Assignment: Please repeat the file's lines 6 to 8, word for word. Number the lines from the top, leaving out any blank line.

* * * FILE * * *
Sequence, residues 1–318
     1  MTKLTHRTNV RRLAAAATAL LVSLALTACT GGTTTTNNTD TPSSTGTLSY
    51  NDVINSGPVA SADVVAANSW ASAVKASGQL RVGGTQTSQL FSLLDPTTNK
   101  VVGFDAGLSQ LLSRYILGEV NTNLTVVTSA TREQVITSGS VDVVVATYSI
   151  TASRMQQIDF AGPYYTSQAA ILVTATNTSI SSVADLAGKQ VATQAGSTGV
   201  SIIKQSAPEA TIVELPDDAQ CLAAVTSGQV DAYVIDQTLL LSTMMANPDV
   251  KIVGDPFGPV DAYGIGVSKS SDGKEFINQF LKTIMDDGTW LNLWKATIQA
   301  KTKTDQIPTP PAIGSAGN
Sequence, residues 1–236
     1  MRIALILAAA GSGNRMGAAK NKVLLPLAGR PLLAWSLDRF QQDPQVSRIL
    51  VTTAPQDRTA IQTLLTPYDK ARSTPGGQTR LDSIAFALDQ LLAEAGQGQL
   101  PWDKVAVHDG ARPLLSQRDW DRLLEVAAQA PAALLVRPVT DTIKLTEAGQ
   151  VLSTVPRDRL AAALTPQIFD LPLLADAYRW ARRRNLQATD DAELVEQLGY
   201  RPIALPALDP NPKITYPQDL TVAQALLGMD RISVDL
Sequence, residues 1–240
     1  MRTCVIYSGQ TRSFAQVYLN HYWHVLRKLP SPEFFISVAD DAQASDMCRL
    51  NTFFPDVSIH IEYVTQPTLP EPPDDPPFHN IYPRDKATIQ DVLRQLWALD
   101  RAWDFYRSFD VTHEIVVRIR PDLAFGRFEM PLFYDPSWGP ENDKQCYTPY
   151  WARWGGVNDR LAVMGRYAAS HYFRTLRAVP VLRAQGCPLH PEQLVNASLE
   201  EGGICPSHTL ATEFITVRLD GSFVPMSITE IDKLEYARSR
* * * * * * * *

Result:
   201  SIIKQSAPEA TIVELPDDAQ CLAAVTSGQV DAYVIDQTLL LSTMMANPDV
   251  KIVGDPFGPV DAYGIGVSKS SDGKEFINQF LKTIMDDGTW LNLWKATIQA
   301  KTKTDQIPTP PAIGSAGN